And, she's popped up in reveals like for the latest issue of Creative Spark.
She really does work well for showcasing my necklaces without the awkwardness of trying to take a selfie with my good but heavy camera.
However, in all cases, I've had her clothed for good reason. Here's what she really looked like.
Yes, she was a little obscene, but only in a naked-barbie-doll-way. That nakedness, and the shine on her plastic skin, made me keep a shirt on her for pictures and even while she just sat in the craft room.
Oh, and here's her backside.
I think that's where a pole of some kind would be inserted to make her stand up.
Ever since I bought her, I've wanted to cover her somehow to make her less obscene. Pat was the one who suggested book pages. I do love to cover most everything with them, like the displays in my booth at the antique store.
And, that would be a simple solution to her blatant nakedness.
I used pages from an old dictionary (using only the same book so there was some consistency in the color of them) and gel medium.
Some of the pages were torn into smaller bits while others were used whole. I had to learn as I went to see what worked. Angles and curves were hard. However, I discovered that snipping the pages and wetting the tops of them (with the gel medium) made them conform to the mannequin better.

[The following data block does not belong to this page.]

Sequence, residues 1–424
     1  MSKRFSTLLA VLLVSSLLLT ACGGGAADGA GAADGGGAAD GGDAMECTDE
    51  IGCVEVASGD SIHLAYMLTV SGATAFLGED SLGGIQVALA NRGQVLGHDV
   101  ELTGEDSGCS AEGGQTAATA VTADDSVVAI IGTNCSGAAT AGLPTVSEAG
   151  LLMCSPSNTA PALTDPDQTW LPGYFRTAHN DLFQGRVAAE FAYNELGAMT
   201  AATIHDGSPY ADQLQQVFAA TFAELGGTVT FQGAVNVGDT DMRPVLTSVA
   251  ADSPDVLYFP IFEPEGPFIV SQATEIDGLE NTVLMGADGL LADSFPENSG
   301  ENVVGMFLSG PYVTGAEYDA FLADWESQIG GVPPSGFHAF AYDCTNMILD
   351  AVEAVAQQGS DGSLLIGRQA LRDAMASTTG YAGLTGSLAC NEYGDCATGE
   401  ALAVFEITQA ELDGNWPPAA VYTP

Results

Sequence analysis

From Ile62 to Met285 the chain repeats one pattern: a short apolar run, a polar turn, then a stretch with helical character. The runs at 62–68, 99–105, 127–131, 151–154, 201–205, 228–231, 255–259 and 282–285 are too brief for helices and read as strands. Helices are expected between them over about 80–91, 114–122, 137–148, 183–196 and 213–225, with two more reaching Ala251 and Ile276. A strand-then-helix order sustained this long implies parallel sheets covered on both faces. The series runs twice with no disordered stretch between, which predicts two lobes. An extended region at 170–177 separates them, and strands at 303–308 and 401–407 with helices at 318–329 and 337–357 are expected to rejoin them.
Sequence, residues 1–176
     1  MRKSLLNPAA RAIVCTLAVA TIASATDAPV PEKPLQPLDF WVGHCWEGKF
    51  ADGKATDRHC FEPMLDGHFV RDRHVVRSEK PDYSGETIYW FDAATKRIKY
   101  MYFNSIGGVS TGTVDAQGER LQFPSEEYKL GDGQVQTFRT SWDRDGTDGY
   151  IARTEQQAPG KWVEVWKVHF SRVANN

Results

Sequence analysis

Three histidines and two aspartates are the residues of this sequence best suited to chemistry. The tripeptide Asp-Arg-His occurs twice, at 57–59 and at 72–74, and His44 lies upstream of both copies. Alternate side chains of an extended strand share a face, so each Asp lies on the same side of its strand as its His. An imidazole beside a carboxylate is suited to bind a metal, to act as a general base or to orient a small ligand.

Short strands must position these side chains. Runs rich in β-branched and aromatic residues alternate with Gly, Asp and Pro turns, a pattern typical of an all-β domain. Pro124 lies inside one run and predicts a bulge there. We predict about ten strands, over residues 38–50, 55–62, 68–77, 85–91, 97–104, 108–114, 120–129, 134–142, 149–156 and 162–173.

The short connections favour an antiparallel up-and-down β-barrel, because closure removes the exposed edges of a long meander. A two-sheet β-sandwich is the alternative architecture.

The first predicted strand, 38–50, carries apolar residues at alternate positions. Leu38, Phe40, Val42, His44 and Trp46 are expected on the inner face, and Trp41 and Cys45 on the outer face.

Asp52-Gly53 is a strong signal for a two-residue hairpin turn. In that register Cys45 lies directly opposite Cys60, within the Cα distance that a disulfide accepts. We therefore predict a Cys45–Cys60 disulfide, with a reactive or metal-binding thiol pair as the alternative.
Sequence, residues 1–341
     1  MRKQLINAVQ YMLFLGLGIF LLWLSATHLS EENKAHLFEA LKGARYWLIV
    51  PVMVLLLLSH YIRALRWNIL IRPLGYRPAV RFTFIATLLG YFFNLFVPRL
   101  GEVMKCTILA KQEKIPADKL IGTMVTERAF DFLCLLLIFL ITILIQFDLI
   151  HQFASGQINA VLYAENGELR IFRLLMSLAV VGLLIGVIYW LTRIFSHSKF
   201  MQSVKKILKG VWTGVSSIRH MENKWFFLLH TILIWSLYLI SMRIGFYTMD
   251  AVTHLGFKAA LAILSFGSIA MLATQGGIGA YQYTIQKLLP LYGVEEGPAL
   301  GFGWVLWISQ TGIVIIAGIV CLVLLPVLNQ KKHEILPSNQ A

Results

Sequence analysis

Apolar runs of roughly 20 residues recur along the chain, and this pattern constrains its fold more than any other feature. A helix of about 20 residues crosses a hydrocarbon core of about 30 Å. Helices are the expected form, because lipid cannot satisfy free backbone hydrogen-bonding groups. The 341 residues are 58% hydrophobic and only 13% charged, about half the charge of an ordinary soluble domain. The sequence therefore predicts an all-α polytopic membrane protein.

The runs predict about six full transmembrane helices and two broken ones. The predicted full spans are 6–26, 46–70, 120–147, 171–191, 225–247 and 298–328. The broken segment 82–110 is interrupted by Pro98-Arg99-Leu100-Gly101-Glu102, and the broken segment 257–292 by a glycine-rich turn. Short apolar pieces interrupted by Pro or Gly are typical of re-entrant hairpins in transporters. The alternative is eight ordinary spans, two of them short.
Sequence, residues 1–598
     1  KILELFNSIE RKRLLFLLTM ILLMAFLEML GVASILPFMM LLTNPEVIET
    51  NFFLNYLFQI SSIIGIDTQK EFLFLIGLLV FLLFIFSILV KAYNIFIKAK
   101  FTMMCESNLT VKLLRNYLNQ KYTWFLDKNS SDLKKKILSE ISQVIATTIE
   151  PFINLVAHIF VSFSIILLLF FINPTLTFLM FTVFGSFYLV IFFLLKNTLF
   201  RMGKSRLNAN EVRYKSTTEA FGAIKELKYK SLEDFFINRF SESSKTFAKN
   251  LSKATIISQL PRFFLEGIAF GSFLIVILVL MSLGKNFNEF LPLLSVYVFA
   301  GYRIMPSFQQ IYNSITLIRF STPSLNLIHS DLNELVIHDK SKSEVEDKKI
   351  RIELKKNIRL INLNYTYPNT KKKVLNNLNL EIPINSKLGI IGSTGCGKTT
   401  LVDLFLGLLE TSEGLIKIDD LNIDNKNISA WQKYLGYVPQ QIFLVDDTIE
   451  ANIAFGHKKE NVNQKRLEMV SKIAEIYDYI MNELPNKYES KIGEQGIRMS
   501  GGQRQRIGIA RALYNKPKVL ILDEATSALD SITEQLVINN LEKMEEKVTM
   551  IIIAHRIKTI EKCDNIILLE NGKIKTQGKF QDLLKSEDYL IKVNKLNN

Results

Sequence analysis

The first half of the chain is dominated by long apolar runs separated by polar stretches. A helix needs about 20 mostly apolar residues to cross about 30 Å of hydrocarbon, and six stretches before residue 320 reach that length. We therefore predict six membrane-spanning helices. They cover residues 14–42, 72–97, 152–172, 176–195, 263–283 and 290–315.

I let her dry for about 24 hours before handling her. Here's a picture I took with a necklace on her at this stage.
While this is much better, the glossy nature of that particular gel medium made her far too shiny for my tastes and photographs. I already knew I wanted to whitewash her anyway.
This was done by simply mixing white acrylic craft paint with a little water and painting all the paper covering her with the mixture.
The white paint took away both the shine and the distraction of the words being so prominent.
Here's a look with another necklace.
Oh, and she does have a name - Amanda. Well, actually she's Amadaquin.
What do you think? Is she better this way or do I still need to clothe her?